PTE summarize written text practice passages
PTE summarize written text practice passages. Read the passage below and summarize it using one sentence. Type your response in the comment section at the bottom of the screen. You have 10 minutes to finish this task. Your response will be judged on the quality of your writing and on how well your response presents the key points in the passage.
1.This is not the first ‘big data’ era but the second. The first was the explosion in data collection that occurred from the early 19th century – Hacking’s ‘avalanche of numbers’, precisely situated between 1820 and 1840. This was an analogue big data era, different to our current digital one but characterized by some very similar problems and concerns. Contemporary problems of data analysis and control include a variety of accepted factors that make them ‘big’ and these generally include size, complexity and technology issues. We also suggest that digitisation is a central process in this second big data era, one that seems obvious but which has also appears to have reached a new threshold. Until a decade or so ago ‘big data’ looked just like a digital version of conventional analogue records and systems. Ones whose management had become normalised through statistical and mathematical analysis. Now however we see a level of concern and anxiety, similar to the concerns that were faced in the first big data era.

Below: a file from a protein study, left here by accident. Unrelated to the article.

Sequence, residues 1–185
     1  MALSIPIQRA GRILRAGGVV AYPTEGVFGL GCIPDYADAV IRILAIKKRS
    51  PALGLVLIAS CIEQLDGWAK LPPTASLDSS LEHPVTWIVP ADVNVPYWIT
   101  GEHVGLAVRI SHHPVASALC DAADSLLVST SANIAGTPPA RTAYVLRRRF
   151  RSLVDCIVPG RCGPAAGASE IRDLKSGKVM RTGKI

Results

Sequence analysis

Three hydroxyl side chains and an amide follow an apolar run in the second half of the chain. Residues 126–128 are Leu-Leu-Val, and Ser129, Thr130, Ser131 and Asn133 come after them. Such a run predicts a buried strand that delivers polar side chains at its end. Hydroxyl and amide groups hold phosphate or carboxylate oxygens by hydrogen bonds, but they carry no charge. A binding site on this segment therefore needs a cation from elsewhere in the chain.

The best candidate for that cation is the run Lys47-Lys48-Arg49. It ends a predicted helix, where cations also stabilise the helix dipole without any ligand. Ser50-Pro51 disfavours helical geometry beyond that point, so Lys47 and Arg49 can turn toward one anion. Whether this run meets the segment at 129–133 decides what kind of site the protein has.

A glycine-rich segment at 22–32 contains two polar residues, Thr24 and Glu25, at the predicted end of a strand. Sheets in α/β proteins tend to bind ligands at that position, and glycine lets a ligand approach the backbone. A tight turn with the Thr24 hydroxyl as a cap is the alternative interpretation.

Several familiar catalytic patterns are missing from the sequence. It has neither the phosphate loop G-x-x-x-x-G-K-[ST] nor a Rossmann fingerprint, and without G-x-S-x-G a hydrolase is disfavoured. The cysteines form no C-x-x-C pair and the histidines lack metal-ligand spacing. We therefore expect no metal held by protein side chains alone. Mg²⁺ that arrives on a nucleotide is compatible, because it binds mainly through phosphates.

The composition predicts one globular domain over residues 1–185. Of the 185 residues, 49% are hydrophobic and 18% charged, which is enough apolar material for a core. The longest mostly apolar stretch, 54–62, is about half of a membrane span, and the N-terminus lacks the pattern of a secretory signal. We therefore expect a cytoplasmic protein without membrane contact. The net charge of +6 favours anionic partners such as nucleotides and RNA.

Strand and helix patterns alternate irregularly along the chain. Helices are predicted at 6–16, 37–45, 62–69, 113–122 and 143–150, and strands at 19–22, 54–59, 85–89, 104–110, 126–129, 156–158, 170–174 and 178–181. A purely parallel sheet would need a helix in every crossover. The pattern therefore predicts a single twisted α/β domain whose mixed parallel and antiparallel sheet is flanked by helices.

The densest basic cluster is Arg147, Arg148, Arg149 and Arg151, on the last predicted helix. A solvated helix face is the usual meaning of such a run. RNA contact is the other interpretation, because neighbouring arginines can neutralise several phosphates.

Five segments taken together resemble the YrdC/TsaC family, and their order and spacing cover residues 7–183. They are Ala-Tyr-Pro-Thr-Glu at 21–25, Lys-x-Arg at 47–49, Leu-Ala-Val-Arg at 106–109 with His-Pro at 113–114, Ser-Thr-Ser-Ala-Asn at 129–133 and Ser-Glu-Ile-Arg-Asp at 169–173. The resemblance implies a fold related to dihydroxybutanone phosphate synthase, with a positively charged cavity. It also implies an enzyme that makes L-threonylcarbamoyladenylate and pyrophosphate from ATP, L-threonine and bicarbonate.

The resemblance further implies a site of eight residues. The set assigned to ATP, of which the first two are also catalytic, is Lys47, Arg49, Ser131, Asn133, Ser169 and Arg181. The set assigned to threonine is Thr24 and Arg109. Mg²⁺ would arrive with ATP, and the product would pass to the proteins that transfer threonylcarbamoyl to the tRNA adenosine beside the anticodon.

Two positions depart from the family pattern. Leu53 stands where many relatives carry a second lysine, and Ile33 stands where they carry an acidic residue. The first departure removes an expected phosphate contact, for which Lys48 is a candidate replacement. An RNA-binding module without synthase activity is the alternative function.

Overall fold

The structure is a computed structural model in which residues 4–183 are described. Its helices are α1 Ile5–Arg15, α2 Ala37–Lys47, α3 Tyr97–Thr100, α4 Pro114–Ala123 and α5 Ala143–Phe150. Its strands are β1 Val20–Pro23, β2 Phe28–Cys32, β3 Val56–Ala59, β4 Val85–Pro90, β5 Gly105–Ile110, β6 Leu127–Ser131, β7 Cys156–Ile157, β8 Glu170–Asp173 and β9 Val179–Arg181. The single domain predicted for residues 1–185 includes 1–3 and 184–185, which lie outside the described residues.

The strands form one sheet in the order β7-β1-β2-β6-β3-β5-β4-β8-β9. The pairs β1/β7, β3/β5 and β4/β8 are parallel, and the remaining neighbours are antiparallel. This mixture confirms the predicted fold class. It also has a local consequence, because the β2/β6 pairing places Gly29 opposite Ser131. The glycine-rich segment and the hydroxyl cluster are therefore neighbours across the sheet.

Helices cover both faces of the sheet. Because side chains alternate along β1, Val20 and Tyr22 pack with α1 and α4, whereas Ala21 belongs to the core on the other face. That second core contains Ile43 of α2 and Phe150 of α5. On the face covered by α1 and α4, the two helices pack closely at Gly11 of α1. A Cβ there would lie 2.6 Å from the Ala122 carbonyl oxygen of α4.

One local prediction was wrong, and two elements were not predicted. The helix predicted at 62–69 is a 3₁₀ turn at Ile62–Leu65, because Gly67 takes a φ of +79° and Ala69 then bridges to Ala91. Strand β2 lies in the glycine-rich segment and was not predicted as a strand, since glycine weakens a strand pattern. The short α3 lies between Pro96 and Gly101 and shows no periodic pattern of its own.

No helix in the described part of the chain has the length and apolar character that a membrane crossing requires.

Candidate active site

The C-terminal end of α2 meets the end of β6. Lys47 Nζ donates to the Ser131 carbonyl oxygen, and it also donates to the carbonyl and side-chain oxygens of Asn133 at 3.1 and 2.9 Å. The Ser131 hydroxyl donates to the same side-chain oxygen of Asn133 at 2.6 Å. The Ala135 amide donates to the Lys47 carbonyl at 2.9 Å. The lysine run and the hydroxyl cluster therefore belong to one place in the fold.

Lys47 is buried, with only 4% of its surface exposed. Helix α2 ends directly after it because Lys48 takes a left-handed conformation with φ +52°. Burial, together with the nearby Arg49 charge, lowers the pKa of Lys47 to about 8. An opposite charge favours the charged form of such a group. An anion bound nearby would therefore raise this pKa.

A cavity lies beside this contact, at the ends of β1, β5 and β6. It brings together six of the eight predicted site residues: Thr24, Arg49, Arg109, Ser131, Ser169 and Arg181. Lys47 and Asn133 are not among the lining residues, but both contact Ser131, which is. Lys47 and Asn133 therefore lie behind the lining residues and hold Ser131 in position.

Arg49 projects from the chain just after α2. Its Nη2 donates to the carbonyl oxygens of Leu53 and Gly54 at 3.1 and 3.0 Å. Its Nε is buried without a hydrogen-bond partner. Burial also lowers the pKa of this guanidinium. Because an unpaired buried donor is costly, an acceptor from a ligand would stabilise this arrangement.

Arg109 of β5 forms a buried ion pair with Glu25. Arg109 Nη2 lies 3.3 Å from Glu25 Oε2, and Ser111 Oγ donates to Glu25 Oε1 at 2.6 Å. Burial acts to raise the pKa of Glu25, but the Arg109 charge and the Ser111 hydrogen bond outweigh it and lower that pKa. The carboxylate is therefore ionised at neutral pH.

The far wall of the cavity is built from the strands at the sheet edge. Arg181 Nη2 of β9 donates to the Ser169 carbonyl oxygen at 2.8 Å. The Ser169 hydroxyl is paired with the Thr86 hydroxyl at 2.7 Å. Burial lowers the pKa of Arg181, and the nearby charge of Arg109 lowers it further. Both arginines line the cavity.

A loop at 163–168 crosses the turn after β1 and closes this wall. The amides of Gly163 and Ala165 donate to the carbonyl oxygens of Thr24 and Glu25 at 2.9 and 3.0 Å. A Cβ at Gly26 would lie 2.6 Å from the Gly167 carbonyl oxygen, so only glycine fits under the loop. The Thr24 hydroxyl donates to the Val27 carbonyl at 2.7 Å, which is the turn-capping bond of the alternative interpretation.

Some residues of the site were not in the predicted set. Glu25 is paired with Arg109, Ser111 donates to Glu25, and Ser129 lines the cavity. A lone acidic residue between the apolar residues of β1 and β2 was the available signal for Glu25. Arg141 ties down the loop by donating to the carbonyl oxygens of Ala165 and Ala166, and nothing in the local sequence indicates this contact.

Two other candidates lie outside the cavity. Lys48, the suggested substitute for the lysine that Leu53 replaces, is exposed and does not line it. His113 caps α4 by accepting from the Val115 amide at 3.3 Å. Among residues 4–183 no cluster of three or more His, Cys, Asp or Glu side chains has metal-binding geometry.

2.In contemporary research cultures, as in industrialized societies in general, it often goes unquestioned that fast is always better. Alas, who could object to more knowledge in a shorter period of time? Narratives about science’s indispensable role in society are often narratives about urgent necessity: we need to understand more in order to cure, prevent, construct, excel, survive.
Particularly today, as ever more pressing global challenges such as climate change, rapid loss of ecological diversity and an economic downturn seem to demand instantaneous response, swift scientific progress is often portrayed as the only possible answer. Prime examples for this rhetoric include e.g. contemporary European Union science policy documents such as Horizon 2020. Yet, at the same time, some voices in academia are questioning whether more speed in research will actually help us to get where we want to be going.